Purpose (a): In Pediatrics, acute leukemia is the most common cause of hyperleukocytosis, as defined by WBC above 100K. In children, hyperleukocytosis is associated with early morbidity and mortality due to leukastasis-related complications such as intracranial hemorrhage and pulmonary distress. Additionally, tumor lysis syndrome, a dreaded complication due to high rate of cell turnover, can especially occur if chemotherapy is initiated without leukoreduction. Currently, therapeutic leukapheresis (LK) serves as an adjunctive therapy for select population presenting with hyperleukocytosis and/or leukastasis-related symptoms. Although LK is commonly used for this purpose, specific guidelines regarding when to use LK are not well-established. The purpose of this study is to evaluate the efficacy of LK and to determine the specific patient population that will benefit the most from this procedure. To our knowledge, this is the largest study conducted on efficacy of LK and its clinical outcome in pediatric leukemia patients. Methods (b): After obtaining institutional IRB approval, a retrospective chart review was conducted on 20 pediatric leukemia patients (14 ALL, 5 AML, and 1 CML) who underwent LK at Cook Children’s Medical Center from 2000 to 2014. Data on white blood cell count (WBC), platelets, chemistry, complications due to leukastasis at presentation, complete remission (CR), and overall survival rate were collected. Results (c): At presentation, 15% children had CNS symptoms, 15% had respiratory symptoms, and 5% had both. First round of LK showed 61.6% reduction in WBC from median value of 474.2 (233 – 910 x 109/L) to 182.5 (99.2 – 845 x 109/L). Six patients underwent second LK that reduced WBC by another 28.9% with a final median WBC of 139.35 (27.1 – 725 x 109/L). Overall, 19 out of 20 patients were alive immediately post LK, and 15 patients achieved complete remission. Conclusions (d): LK significantly reduces WBC in pediatric leukemia in patients as young as 22 day old presenting with WBC > 250 9/L; 250 9/L and leukastasis-related complications. LK procedure itself has no significant complications and is concluded to be a safe adjunctive procedure in pediatric leukemia prior to initiation of induction chemotherapy.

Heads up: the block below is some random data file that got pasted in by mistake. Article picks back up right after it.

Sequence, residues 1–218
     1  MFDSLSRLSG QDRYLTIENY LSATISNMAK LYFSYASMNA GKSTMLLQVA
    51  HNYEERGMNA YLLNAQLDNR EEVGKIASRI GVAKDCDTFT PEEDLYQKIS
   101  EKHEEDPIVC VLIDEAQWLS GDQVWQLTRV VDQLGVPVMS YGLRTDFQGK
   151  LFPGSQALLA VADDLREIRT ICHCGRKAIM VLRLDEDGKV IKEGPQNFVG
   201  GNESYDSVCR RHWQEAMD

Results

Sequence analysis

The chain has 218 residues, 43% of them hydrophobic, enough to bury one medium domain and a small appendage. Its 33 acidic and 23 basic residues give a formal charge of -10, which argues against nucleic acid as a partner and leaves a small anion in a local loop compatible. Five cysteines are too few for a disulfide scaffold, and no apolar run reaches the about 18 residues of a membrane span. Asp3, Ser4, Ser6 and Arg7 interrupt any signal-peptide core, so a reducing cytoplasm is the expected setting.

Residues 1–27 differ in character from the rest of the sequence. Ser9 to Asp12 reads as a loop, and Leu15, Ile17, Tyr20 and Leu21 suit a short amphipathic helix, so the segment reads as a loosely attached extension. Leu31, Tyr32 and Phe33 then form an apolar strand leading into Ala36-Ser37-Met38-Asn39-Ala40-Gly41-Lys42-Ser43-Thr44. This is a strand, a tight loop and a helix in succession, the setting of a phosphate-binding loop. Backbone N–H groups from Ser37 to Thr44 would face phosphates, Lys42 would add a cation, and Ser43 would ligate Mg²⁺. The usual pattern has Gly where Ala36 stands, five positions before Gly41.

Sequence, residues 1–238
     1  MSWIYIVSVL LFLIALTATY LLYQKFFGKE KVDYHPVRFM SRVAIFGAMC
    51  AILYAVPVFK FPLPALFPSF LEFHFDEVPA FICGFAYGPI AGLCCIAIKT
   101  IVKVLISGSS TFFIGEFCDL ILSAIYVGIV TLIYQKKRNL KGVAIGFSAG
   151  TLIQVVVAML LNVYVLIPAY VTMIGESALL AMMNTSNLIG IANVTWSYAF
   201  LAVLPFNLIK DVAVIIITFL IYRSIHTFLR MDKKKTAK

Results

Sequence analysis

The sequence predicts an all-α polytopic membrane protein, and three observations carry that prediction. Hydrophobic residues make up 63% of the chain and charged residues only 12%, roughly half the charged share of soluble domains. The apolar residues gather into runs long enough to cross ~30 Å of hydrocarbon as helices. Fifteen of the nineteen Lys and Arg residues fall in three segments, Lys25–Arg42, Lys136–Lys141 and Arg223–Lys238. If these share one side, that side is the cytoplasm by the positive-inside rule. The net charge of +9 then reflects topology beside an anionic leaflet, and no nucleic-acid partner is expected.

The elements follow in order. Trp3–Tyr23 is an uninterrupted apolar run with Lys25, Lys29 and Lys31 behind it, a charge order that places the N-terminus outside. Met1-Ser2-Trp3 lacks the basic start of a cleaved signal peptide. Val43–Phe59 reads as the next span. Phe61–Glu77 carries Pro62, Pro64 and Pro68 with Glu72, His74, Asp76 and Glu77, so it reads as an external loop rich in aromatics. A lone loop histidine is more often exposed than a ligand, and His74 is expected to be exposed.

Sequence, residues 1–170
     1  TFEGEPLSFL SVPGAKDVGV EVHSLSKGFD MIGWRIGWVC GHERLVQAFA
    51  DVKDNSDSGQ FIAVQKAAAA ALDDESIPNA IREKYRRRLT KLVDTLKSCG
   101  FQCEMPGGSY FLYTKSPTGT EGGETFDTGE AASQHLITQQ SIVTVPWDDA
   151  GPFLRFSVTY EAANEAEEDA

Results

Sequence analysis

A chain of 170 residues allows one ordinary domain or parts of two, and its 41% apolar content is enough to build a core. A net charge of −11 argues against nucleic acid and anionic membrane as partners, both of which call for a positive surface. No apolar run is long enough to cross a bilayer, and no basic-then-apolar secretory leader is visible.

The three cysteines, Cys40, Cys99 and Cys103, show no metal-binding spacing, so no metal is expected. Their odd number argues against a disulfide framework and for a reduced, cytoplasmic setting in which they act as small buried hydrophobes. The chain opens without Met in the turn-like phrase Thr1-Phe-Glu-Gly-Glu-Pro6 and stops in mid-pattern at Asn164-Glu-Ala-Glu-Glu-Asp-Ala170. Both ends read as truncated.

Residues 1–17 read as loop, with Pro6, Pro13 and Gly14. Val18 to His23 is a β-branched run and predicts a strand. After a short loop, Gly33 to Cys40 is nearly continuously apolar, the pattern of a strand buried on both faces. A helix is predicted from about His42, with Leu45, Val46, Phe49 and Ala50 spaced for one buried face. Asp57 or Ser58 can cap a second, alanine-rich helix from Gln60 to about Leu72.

• Item
    Primary Esophageal Adenosquamous carcinoma presenting as a pancreatic tail mass
    (2015-03) Reed, Kristina M.; Yurvati, Albert
    This is a case report of a case of primary esophageal adenosquamous carcinoma. This report highlights the rarity of this subtype of cancer as well as the difficulty establishing an accurate diagnosis. This difficulty in this case was due to the cancer presenting as a pancreatic tail mass. All information was gathered while on a core surgery rotation with a hospital affiliated with UNTHSC (Dallas Methodist). Results are that this is an aggressive subtype of esophageal cancer that is lacking in the literature due to its rarity. There is an immense need for further research to establish more targeted and effective post surgical care in order to increase prognosis for these patients. There is also a lack of understanding of the pathophysiology in adenosquamous carcinoma, determining if it arises first as adenocarcinoma, squamous cell carcinoma, or independently as both could help determine risk factors and chemotherapy strategies. Known risk factors include diet, like the consumption of hot beverages and foods.